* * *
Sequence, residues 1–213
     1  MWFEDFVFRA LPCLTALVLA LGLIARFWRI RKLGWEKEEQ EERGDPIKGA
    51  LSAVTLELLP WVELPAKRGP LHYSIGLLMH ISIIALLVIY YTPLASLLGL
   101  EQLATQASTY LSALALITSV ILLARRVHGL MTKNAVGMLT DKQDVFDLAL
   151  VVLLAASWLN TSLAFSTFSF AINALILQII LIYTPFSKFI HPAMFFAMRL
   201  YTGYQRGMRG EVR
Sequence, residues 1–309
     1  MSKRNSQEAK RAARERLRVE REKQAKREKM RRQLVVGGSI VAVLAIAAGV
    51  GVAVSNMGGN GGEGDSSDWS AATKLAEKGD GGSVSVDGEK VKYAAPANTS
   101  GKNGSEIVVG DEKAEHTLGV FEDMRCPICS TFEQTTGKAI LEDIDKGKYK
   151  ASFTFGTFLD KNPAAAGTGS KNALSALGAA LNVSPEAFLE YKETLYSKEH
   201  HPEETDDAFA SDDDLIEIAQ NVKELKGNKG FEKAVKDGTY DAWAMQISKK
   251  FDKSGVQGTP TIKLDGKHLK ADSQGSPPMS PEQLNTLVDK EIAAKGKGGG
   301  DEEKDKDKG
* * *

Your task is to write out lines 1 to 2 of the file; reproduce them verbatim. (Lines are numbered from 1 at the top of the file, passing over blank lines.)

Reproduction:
Sequence, residues 1–213
     1  MWFEDFVFRA LPCLTALVLA LGLIARFWRI RKLGWEKEEQ EERGDPIKGA